Thursday, March 05, 2015

VMware law suit and an Apology to the BSD camp


I started hacking on Linux without any consideration for software licensing, I did it more out of pure joy out of getting a kick out of seeing hardware work which didn't before and collaborating with an amazing set of folks. Through my years on working on Linux though I've somehow stumbled on the front lines of licensing debacles both due to reverse engineering, copyright infringement claims, and later patent considerations. The only way I can explain why I kept working on things despite its debacles is that perhaps most people give up and I guess I just don't. Its been years now since working in the community, and in fact for a while even went on a hippy 'FreeBSD / Linux lets work together kumbaya!' with real technical solutions in place (part I, part II) -- on this post I'd like to provide some background and explain why I now fully support the GPL on Linux, believe its critical to enforce GPL on Linux and would like to declare I've given up on working on permissive licensed drivers on Linux and explain why. I write this to also explain in details why I fully support Christoph Hellwig's lawsuit against VMware filed today.


I've gone into details before about how I first got involved with hacking on Linux just to get my damn wifi to work, later jumped onto the MadWifi project and so began the 'ath5k wars'. Later as we put out the ath9k device driver I also engaged with Adrian Chadd from the FreeBSD camp quite a bit, eventually we ended up becoming coworkers and did our best on ending proprietary drivers for good by working together somehow. To prefix this I had called out to my Linux peers that we should consider simply localizing the GPL and look to work and engage collaboratively with the BSD camp. To this day I stand behind the technical ideas we put out together to share drivers for both BSD and Linux -- in the end the pitfalls however were what really set this effort back. I'll summarize them as follows:

  • Software teams at companies who do care about proprietary and permissively licensed solutions tend to be super sloppy and in no way motivated to do much work
  • Compared to the size of the amount of Linux developers the BSD camp stood no chance to help to keep up with what we were doing or putting out
  • Given the above issues the real folks who stand to gain from a joint venture between BSD and Linux folks working together on device drivers are simply the proprietary vendors selling proprietary solutions
  • Patents are a wild card, and best we have them on our side
  • Proprietary vendors with patent interests will play their cards carefully and you are at their mercy



I've written in a trilogy on my reasoning over the real the dangers over Free Software (GPL, Copyleft), the patents problem, and evolution of copyleft and business models. With the above problems and the points I made in the trilogy in mind -- here is my apology to the BSD camp: as much as I'd like to help my BSD counterparts I now consider permissive licenses, especially ones that do not consider patents, brutally archaic, and do not see a way forward with them. While there might be some ambiguity with GPLv2 and patents we are at least upholding some more modern collaborative development best practices which should help uplift our community. While evolving copyleft has not been easy (see my notes on why the GPLv3 really failed with kernels folks) we still have the chance to help evolve copyleft in the right way -- openly and with the community. We should be allying ourselves in the community with those companies who are actively engaged on evolving copyleft and the commons for better of the community (hey SUSE's hiring); when and if companies decide to cut corners -- simply quit and seek to try to ensure that they meet their fate in a court of law some day.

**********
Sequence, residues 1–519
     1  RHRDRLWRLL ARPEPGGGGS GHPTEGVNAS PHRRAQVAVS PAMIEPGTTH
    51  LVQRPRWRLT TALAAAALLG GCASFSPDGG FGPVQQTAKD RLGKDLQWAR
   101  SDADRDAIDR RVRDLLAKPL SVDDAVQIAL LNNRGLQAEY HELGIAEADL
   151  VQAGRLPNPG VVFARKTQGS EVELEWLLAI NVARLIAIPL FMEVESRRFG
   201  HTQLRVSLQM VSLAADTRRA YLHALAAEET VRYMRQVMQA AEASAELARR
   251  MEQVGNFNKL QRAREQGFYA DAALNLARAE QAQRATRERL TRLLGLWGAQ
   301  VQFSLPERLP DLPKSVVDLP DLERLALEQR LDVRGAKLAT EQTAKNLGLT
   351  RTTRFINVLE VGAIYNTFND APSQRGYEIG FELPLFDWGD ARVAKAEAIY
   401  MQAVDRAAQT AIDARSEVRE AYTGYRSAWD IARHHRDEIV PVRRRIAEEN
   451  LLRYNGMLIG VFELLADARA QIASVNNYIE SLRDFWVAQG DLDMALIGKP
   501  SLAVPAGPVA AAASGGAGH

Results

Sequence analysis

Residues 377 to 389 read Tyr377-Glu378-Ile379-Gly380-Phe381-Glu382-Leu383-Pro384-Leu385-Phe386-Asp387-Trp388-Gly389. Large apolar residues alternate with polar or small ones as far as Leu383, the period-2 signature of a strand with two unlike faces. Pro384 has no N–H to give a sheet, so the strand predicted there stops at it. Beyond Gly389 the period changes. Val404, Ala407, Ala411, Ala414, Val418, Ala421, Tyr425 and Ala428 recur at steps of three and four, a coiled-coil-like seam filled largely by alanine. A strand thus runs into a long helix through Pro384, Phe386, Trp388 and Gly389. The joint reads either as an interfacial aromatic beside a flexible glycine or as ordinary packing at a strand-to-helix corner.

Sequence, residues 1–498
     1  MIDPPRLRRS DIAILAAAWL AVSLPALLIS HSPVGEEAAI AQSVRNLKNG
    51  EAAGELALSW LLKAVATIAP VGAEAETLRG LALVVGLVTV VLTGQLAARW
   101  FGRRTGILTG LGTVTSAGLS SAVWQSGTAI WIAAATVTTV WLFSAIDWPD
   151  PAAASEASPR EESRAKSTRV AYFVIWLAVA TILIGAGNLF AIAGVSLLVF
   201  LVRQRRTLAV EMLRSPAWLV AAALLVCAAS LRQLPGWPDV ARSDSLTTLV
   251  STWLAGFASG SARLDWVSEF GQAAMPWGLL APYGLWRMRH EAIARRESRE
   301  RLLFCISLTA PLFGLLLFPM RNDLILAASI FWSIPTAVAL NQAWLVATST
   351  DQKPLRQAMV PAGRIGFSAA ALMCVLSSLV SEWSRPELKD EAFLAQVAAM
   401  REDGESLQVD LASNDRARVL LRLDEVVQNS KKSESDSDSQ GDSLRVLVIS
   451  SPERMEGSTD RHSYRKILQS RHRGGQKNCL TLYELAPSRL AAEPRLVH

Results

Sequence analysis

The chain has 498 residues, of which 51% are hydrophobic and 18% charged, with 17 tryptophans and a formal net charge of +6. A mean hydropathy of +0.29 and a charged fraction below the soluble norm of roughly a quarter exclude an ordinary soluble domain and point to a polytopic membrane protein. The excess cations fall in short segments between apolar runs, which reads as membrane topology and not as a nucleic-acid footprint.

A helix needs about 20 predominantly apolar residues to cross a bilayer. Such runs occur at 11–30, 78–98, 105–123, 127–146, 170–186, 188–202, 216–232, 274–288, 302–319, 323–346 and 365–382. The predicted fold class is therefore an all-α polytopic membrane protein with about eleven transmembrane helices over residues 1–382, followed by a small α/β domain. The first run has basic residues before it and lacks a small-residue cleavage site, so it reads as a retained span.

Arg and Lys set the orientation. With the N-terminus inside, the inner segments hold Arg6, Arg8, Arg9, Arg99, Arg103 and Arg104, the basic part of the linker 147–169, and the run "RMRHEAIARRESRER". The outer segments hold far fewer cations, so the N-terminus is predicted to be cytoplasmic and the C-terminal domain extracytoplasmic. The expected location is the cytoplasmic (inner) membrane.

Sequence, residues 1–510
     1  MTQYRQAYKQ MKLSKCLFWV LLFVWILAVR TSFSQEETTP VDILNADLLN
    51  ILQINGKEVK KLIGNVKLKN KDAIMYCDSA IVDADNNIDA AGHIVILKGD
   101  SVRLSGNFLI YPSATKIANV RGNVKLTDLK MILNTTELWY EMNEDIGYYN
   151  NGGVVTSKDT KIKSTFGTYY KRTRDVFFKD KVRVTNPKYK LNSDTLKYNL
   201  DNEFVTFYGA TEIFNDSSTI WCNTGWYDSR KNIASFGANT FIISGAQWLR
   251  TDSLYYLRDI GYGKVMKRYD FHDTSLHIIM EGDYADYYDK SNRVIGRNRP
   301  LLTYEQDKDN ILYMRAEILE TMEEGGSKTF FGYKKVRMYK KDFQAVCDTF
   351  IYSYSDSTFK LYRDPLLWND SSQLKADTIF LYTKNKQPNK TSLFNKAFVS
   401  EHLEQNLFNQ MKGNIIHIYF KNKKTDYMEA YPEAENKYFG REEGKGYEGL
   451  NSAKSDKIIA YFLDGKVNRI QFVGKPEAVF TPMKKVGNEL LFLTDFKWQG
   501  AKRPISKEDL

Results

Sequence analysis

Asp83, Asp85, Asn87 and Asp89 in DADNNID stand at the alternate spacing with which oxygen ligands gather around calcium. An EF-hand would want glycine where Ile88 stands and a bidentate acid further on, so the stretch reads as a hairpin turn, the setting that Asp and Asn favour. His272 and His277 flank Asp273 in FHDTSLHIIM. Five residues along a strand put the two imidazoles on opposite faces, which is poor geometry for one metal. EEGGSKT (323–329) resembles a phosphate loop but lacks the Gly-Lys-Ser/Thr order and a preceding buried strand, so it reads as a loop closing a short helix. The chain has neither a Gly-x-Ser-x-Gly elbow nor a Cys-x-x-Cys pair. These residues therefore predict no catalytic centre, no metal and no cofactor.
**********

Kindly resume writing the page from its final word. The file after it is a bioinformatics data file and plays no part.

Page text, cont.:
It seems VMware has done nothing in any way like the work I did to help with the use of permissive licensed drivers on Linux, which would likely be the minimum expected for some coexistence even with proprietary platforms without raising any eyebrows. Trust me, it was not easy work and just above I've declared I've given up on that and consider it pointless. Despite the best efforts by Conservancy to try to ask nicely to address the problem VMware has decided to opt out and play their cards. It seems VMware is trying to cut corners and reap benefits from our ecosystem on Linux in broad daylight. That's a bloody shame. Best of luck to Christoph, I fully support him on this lawsuit against VMware, if you feel the same I would like to encourage you to donate to Conservancy to support the VMware lawsuit, if you are a Linux kernel developer and share your sentiments consider joining the loose knit set of kernel developers under Conservancy wishing to seek GPL compliance on Linux, you can email compliance@sfconservancy.org for further information.